[¶ 11] The viability of our holding in Tognotti is questionable, in light of Arizona v. Gant, 556 U.S. 332, 129 S.Ct. 1710, 173 L.Ed.2d 485 (2009). However, we need not address the merits of our holding in Tognotti, because that case is distinguishable from this case in a crucial way: Tognotti applied to searches incident to arrest, and this case deals with a search based on consent. Exceptions to the search warrant requirement are “jealously and carefully drawn.” 68 Am.Jur.2d Searches and Seizures § 114; see also State v. Gilberts, 497 N.W.2d 93, 97 (N.D.1993), overruled on other grounds by State v. Tognotti, 2003 ND 99, 663 N.W.2d 642 (“Warrantless searches, to be valid, must fall within a narrow and specifically delineated exception to the warrant requirement of the Fourth Amendment.”). “The scope of a search must be strictly tied to and justified by the circumstances that permit its initiation.” Gilberts, at 97 (citing Terry v. Ohio, 392 U.S. 1, 18, 88 S.Ct. 1868, 20 L.Ed.2d 889 (1968)). The justifications and standards behind each exception are not interchangeable, and cannot be combined, as the State seeks to do here.
[¶ 12] This case deals only with the consent exception to the search warrant requirement. The concerns that justified a search under the bright-line rule in Belton and Tognotti—officer safety and preservation of evidence—are not at issue in a consent case. Therefore, even assuming it is still valid law, Tognotti does not control this case.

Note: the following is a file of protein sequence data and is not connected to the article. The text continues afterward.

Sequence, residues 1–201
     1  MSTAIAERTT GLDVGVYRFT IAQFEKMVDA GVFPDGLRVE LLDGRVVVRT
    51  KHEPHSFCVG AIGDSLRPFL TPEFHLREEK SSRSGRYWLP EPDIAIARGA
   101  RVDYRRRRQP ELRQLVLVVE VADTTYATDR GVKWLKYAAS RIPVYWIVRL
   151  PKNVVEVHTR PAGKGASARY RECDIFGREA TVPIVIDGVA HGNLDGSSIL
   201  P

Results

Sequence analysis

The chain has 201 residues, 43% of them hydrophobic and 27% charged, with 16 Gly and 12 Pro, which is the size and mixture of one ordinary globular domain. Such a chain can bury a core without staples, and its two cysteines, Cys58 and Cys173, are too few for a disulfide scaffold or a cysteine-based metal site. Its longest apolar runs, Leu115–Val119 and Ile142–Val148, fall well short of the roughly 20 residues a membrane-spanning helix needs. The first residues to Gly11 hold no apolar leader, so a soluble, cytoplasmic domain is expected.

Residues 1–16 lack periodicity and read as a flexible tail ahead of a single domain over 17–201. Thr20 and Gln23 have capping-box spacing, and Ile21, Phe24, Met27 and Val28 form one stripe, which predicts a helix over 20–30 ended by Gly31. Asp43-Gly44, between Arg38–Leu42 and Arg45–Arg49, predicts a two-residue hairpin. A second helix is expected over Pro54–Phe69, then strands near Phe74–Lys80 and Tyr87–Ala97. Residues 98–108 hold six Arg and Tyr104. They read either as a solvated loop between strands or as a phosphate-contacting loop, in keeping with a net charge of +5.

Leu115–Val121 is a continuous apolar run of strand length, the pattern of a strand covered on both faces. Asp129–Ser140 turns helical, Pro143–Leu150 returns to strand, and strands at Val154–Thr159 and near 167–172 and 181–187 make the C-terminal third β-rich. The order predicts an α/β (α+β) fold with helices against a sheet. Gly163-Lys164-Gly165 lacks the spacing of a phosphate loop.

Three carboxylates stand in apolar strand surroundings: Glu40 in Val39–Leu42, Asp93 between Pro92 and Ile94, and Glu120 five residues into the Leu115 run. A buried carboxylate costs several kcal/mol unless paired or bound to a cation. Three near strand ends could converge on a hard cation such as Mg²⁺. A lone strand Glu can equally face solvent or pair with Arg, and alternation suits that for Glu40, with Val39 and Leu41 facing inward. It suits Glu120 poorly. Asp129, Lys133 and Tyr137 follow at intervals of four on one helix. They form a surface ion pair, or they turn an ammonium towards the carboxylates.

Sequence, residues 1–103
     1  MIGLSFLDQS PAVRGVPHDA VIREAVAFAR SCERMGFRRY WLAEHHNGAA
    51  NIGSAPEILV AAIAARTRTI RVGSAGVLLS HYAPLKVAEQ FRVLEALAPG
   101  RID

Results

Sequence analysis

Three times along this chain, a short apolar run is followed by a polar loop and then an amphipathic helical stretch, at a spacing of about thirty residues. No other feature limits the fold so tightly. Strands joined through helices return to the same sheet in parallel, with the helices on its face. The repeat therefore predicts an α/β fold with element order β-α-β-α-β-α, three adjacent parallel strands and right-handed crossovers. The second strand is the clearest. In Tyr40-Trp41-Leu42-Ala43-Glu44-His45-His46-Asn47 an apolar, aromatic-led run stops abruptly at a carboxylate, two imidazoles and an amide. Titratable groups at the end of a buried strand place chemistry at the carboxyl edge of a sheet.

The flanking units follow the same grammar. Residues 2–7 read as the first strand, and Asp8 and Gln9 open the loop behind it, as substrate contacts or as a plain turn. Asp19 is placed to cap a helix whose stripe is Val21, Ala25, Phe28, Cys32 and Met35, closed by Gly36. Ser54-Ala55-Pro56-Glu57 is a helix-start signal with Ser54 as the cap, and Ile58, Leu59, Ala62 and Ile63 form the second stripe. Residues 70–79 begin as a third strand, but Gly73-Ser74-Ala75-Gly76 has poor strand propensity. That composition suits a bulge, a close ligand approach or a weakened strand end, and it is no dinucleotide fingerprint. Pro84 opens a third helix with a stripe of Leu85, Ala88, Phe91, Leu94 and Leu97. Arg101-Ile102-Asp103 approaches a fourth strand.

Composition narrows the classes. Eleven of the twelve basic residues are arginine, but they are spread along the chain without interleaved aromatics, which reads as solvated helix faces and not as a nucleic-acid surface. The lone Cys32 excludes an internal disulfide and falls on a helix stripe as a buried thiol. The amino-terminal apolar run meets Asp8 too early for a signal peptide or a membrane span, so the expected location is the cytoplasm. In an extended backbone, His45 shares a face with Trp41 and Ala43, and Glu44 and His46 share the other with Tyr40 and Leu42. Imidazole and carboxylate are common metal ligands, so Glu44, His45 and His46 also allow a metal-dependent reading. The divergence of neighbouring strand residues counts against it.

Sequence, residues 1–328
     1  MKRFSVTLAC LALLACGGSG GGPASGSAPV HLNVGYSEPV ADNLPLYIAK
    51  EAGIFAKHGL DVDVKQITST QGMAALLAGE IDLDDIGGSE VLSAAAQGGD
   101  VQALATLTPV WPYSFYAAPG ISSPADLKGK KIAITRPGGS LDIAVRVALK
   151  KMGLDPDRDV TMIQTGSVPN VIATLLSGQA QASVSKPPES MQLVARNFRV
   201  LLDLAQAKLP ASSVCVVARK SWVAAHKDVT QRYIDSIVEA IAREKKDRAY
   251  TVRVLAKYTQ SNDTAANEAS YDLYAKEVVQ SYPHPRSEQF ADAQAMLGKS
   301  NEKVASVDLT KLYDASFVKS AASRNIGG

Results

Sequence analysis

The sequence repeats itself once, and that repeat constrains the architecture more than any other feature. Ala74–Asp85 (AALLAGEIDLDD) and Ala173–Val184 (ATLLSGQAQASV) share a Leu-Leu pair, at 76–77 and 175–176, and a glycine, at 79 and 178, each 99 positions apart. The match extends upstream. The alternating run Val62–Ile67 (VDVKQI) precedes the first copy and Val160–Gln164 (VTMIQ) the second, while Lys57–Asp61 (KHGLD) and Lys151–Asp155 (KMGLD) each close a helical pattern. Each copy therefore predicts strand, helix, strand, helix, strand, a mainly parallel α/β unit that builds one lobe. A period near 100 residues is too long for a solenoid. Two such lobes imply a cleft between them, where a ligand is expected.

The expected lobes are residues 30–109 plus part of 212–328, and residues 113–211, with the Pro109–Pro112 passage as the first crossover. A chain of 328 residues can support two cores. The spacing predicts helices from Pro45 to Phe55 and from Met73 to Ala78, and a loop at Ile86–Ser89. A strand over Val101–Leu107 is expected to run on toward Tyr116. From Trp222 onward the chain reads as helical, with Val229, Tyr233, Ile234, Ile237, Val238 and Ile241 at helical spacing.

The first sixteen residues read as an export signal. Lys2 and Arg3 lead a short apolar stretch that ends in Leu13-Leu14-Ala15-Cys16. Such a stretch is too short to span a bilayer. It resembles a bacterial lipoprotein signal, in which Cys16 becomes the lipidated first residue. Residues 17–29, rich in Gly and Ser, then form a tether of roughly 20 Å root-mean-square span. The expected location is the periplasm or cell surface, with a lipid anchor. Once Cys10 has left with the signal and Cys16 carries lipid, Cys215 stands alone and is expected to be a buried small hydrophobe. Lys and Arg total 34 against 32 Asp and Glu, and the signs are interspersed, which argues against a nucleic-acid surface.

[¶ 13] Daniels argues a driver's consent to a search of a vehicle does not justify a search of a purse which the officer knows belongs to a third party. Consent may be given by an individual with actual authority or apparent authority. State v. Zimmerman, 529 N.W.2d 171, 175 (N.D.1995). Apparent authority exists where a person of reasonable caution would believe, based on the facts available to the officer at the time of consent, that the consenting party had authority over the place or thing to be searched. State v. Fischer, 2008 ND 32, ¶ 12, 744 N.W.2d 760. Authority to consent to a search may be exclusive to one individual, or two or more people may have common authority. State v. Swenningson, 297 N.W.2d 405, 407 (N.D.1980).
[¶ 14] Although we have not previously addressed this issue, courts in other jurisdictions have concluded that a driver's consent to a warrantless vehicle search was not a valid consent to search a passenger's personal property found in the vehicle. In People v. James, 163 Ill.2d 302, 206 Ill.Dec. 190, 645 N.E.2d 195, 197 (Ill.1994), the defendant was a passenger in an automobile that was stopped by police. The driver and passengers, all women, were ordered out of the car, at which time the defendant left her purse on the front passenger's seat. Id. Unbeknownst to the defendant, the driver consented to a search of the vehicle, during which officers searched the defendant's purse and found cocaine. Id. The officer did not attempt to ascertain who owned the purse before he searched it. Id . at 203. The defendant filed a motion to suppress based on a lack of consent to search, which was granted by the district court, but reversed by the court of appeals. Id. at 197.